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Inverse modeling of brine formation



Dear David,
Could you please help me? I have a question.
Is it possible to use the inverse modeling with PHREEQC for explanation of formation of brines with very high ion strength (through evaporation, mixing and reactions)? What may be the arguments? 
For studying the influence of complexes at low ion strengths, I tried to model addition of Na2CO3 to concentrated Gypsum solution (formed in equilibrium with Gypsum). At Na2CO3 amount required for the complete CaCO3 precipitation (without taking into consideration complexes), (CaSO4)0 concentration in the final solution was not nil. It became very small only at strong Na2CO3 excess. Does it mean that inverse modeling is impossible without taking into consideration complexes?
I"ll very appreciate your help.
Sincerely, 
Michael
 
------------------------------------------
Dr. Michael Zilberbrand
Hydrological Service of Israel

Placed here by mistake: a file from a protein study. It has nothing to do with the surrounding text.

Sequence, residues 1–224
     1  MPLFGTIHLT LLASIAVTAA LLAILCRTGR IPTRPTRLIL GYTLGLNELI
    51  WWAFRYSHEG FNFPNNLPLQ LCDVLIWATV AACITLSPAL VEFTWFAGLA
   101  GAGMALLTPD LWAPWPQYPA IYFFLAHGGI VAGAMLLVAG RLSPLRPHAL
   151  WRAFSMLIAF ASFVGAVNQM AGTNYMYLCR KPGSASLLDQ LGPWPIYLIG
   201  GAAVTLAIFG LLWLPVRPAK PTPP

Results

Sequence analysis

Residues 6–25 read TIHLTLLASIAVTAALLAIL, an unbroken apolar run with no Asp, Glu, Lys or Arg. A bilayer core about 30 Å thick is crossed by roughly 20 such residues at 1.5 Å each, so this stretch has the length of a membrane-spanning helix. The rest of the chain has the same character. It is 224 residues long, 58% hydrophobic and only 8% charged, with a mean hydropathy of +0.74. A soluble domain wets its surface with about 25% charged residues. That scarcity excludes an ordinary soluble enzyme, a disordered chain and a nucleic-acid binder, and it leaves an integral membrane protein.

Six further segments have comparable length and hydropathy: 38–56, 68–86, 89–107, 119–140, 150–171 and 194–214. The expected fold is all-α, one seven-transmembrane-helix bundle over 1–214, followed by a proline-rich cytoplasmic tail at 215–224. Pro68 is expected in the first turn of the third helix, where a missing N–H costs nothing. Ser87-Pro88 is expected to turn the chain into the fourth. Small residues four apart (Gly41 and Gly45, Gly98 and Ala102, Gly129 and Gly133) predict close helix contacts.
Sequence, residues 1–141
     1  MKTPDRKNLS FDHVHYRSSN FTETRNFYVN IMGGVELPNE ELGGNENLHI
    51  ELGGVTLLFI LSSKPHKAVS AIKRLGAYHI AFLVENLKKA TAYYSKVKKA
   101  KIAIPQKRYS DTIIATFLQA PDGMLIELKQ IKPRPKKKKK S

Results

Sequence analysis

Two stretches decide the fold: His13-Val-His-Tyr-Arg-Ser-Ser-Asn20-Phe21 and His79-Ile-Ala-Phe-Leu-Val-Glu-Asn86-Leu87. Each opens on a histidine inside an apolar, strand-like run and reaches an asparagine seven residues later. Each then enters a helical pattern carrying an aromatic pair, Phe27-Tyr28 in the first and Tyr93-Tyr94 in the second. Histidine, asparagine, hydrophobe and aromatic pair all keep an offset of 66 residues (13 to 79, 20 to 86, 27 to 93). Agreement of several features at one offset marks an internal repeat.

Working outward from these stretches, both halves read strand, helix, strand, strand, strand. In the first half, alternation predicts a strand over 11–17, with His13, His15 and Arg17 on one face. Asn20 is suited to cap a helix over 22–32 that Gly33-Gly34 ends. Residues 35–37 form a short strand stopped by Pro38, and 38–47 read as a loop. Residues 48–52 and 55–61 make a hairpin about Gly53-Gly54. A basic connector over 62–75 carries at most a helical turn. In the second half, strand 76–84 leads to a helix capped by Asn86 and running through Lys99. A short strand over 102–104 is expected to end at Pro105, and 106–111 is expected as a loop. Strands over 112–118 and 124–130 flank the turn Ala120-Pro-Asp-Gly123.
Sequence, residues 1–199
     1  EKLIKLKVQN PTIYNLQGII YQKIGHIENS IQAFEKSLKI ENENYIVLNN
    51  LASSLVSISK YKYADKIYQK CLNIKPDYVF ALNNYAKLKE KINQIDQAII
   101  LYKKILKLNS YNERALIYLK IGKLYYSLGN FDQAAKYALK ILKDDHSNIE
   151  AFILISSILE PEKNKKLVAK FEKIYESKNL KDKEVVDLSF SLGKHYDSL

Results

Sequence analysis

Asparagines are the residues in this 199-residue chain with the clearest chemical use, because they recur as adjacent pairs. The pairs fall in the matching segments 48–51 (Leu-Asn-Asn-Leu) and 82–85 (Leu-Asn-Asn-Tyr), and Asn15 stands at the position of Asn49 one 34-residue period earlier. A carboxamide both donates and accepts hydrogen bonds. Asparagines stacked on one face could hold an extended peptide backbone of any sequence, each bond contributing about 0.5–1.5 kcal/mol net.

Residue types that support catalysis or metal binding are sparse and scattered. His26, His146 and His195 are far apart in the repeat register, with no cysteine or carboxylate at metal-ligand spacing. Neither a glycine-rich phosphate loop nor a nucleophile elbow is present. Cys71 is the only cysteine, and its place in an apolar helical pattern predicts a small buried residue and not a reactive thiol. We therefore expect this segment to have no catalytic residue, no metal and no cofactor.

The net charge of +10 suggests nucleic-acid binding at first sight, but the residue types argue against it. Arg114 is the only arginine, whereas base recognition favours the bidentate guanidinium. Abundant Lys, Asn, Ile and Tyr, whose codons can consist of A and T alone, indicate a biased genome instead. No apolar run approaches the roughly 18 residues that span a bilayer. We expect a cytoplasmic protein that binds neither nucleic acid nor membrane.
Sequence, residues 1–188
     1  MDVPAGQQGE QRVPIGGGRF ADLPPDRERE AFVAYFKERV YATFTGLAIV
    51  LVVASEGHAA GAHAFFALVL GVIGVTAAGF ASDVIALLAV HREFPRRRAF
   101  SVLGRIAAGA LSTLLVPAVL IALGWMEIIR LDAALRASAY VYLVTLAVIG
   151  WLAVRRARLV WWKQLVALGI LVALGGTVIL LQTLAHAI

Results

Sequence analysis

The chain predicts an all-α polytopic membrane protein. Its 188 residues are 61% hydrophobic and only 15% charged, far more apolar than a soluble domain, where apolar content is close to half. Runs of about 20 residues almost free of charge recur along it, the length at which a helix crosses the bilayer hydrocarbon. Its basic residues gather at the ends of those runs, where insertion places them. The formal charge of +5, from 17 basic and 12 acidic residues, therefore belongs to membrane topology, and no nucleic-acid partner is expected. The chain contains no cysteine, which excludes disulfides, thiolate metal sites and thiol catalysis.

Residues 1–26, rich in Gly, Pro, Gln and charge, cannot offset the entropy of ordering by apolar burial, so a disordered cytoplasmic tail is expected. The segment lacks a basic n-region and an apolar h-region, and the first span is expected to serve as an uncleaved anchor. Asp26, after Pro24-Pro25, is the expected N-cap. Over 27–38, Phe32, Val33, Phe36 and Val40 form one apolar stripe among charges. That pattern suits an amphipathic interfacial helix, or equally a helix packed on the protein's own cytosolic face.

Research Division
P.O.B. 36118, Jerusalem 91360
Israel

TITLE Complexes and Calcite precipitation
SELECTED_OUTPUT
-reset	false
-file	Complexes-Calcite_prec_res.prn
-molalities	Ca+2 CaSO4  
SOLUTION 1
Temp 20
pH	7.0
EQUILIBRIUM_PHASES 1
Gypsum 0.0
SAVE SOLUTION 2
END
USE SOLUTION 2
REACTION 1
Na2CO3 1.0	
0.01532 moles
SAVE SOLUTION 3
END
USE SOLUTION 3
EQUILIBRIUM_PHASES 1
Calcite 0.0
END
# RESULTS at Na2CO3 1 mol
# m_Ca+2    	m_CaSO4   	
# 0.0104		0.0049      After equilibration with CaSO4 		
# 0.0011		4.53E-05    After addition of Na2CO3	
# 2.89E-07		1.21E-08	After equilibration with Calcite	
# RESULTS at Na2CO3 0.01532 moles (0.0104+0.0049)
#  1.0365e-02	  4.9486e-03
#  4.9106e-03	  2.2413e-03
#  1.4375e-04	  9.0900e-05
 


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